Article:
What is China up to in the Arctic?
|Tuesday, 9. March 2010 0 comment(s)||
China has awakened to the opportunities in the Arctic, and in its wake, media and research institutions have awakened to China’s awakening. Only last week SIPRI published a new report, China Prepares for an Ice-Free Arctic, authored by Linda Jakobson. According to the report, the Chinese government is allocating more resources to Arctic research, and Chinese academics are urging their government to take heed of the untapped energy resources and shorter shipping routes which the Arctic may offer as the global warming progresses. Shorter shipping routes have substantial commercial implications to China’s economy which is reliant on foreign trade. The opening up of the Arctic will provide access to new reserves of the energy and other natural resources, such as gas, oil, and various minerals. The report states further that “China is at a disadvantage because it is neither an Arctic littoral state … nor an Arctic Council member state”.
The SIPRI report is timely but some of the arguments do not hit the icicle right on the head.
First, to say that China has a disadvantage because it is not an Arctic Council Member State sounds curious. China cannot be an Arctic Council Member State because China is not an Arctic State. There is little possibility that the fundamental character of the Arctic Council as a cooperation organ of the eight Arctic states and the indigenous peoples of the Arctic would change in the coming years or even decades.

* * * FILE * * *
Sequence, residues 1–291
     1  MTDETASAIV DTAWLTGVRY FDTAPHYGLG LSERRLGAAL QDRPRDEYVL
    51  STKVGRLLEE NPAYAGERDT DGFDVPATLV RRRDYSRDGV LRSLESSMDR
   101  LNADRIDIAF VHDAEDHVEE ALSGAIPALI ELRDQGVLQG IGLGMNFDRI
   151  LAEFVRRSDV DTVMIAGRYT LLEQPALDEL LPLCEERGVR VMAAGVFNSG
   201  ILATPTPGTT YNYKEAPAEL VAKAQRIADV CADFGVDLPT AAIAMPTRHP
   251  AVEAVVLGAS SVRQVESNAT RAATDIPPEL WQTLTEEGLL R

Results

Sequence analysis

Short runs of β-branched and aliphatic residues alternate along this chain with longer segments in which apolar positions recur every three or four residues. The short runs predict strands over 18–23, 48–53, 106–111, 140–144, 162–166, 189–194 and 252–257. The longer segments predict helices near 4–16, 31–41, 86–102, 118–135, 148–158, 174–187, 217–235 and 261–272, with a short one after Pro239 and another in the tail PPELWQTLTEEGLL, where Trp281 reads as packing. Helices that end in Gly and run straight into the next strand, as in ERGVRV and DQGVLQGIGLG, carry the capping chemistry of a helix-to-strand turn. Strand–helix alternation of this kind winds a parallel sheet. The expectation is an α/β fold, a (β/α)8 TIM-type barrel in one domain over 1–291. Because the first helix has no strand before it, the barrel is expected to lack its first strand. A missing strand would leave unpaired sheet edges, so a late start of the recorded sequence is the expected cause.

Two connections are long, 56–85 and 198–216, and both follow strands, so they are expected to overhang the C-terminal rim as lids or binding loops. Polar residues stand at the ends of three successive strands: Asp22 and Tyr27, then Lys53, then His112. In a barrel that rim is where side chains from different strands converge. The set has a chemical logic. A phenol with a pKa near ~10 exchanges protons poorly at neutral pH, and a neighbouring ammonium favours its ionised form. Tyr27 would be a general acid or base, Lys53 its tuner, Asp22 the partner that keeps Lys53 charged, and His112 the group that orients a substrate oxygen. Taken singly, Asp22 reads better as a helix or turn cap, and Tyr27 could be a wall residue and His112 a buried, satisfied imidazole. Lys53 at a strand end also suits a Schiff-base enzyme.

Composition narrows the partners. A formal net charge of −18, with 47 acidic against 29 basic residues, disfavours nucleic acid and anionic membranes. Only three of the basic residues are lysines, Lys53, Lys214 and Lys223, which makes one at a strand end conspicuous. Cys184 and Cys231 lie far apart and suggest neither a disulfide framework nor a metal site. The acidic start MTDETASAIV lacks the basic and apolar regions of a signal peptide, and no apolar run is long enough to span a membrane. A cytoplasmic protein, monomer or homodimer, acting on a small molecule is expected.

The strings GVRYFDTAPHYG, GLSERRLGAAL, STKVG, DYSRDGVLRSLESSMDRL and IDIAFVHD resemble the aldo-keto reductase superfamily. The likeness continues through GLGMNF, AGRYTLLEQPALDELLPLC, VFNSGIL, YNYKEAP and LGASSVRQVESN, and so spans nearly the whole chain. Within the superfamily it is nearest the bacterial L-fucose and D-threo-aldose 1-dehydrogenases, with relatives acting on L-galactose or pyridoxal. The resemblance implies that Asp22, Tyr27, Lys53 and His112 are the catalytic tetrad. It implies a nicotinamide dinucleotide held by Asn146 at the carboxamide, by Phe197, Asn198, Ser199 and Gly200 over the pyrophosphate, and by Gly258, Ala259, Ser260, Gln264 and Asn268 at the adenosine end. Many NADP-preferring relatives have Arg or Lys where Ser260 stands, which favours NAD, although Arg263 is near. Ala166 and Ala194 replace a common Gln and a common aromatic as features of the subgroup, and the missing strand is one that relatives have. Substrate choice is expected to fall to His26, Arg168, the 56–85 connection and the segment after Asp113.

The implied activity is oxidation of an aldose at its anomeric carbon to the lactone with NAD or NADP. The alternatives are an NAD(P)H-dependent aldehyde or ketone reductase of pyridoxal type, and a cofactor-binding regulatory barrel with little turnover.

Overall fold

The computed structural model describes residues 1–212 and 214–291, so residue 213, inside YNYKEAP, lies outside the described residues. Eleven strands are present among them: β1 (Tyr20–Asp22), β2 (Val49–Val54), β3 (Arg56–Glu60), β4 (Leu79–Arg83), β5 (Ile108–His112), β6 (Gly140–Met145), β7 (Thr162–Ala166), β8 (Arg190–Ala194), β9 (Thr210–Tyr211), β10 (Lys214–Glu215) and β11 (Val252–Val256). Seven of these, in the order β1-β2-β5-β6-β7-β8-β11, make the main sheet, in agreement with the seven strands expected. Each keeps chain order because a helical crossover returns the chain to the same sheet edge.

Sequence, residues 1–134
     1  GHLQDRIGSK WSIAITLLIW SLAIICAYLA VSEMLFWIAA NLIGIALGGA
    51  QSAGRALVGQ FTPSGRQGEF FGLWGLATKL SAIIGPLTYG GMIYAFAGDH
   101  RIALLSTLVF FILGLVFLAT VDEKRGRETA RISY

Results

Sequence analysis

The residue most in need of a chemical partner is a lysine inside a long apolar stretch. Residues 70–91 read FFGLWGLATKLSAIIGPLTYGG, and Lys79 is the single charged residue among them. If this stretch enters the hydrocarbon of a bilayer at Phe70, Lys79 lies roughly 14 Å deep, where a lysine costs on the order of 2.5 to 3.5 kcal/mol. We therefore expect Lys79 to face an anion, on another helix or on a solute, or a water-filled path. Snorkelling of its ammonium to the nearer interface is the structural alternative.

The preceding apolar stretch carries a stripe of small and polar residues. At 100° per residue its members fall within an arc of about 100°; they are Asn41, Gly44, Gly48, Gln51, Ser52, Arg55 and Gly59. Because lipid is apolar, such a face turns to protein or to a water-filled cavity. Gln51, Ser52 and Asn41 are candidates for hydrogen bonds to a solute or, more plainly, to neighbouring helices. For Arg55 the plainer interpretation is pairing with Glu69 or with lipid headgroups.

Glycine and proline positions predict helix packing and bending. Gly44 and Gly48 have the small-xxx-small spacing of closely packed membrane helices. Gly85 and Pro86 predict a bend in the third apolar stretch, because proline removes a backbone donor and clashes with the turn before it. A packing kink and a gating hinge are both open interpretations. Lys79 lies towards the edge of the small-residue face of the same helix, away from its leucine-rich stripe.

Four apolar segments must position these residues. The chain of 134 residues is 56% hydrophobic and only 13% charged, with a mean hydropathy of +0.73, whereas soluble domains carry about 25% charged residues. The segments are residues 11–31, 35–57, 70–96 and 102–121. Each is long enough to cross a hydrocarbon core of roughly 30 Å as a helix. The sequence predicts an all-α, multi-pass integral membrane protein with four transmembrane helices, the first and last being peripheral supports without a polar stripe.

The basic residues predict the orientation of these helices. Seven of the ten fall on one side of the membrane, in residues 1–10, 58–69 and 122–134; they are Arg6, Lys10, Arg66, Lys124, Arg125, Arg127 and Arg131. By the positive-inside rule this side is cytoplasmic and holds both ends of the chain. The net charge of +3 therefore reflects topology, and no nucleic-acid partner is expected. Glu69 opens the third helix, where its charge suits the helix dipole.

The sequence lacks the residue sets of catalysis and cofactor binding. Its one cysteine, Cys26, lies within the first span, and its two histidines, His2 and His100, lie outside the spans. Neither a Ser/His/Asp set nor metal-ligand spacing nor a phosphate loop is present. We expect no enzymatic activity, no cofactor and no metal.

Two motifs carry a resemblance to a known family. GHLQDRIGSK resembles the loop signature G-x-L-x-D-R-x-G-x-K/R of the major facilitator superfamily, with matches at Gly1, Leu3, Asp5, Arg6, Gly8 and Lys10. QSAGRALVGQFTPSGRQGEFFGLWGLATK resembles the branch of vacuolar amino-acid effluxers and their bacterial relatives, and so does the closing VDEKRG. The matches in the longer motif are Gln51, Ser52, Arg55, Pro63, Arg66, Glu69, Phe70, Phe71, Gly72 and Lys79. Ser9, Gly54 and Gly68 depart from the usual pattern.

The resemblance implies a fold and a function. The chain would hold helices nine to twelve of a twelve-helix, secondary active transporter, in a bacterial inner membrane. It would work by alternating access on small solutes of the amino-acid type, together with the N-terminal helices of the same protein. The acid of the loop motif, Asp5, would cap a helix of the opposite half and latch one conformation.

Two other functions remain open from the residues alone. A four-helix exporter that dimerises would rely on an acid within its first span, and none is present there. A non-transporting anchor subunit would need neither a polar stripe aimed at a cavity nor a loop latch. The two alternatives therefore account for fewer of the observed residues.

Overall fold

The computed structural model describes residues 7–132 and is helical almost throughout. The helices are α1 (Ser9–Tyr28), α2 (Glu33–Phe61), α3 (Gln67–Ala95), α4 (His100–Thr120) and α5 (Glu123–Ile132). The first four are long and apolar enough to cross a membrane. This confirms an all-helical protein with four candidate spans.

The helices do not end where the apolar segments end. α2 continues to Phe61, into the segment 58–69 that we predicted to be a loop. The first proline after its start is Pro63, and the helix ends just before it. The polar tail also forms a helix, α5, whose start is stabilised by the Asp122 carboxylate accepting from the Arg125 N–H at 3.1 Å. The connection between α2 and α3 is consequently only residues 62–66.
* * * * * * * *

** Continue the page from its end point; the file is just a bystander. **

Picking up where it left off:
As a side note, it is an unfortunate oversight that the box about the Arctic Council fails to mention the single most unique feature of the Arctic Council, namely the participation of the indigenous peoples as Permanent Participants. Their views are not irrelevant in regard to the possible observer status of China.
Second, it may be popular to talk about the untapped energy resources of the Arctic Ocean, but the living resources, especially fish, will become a challenge for resource management long before oil and gas. One only needs to look at the continuous postponements of the Shtokman field exploitation. The Arctic may become the new fish basket for the world (though it as well may not; the effects of the climate change are unpredictable), and China needs to secure the food sources for its 1.3 billion population. While gas and oil resources will remain under the control of the littoral states, fishing rights cannot be similarly monopolized.
Third, the Arctic shipping routes offer more than just economic incentive for China. First and foremost, the development of Arctic shipping means added logistical security. Shipping lanes passing through Taiwan and Malacca Straits are volatile if military tension were to rise in Asia.
As a side note again, the role of both the North West Passage and the North East Passage (the Northern Sea Route) is often exaggerated, also in this SIPRI report. The North West Passage, in particular, will remain dangerous for large-scale shipping traffic for a long time, due to drift ice and difficulties in navigation. What the shipping industry is looking at are the possibilities of trans-pole shipping. It is not only the extent of the ice cap that matters, but also the thickness of the ice. The projections indicate that thick multi-year ice is disappearing fast. The lucrativeness of the coastal passages is quickly melting away. The opening of the trans-pole route is what interests Iceland as a potential hub, and that is why China is present there.
I agree with Linda Jakobson’s analysis that China’s insistence on the respect for state sovereignty will become a major challenge for China and its aspirations for a stronger role in global affairs. This is true not only in regard to the Arctic.
I also agree that in the future competition in the Arctic, China’s main opponent will be Russia. The report states that “China appears to be particularly wary of Russia’s intentions in the Arctic.” It is surely true the other way around, as well.
Texts reflect the opinions of the individual authors